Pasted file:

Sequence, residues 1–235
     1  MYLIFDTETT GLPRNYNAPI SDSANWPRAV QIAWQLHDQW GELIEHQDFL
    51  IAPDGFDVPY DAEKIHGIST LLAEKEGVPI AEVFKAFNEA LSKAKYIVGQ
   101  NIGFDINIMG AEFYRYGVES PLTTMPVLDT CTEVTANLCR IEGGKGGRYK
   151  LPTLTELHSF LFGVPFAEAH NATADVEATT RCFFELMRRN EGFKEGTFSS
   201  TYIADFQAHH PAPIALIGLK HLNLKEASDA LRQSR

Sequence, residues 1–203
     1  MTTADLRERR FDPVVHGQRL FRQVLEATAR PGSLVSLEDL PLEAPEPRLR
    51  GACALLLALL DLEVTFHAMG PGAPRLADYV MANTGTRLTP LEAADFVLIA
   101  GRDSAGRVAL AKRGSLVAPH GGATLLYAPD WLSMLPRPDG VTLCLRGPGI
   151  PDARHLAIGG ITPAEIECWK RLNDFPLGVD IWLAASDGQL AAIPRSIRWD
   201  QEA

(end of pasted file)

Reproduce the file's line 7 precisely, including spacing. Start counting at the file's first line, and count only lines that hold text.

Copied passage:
Sequence, residues 1–203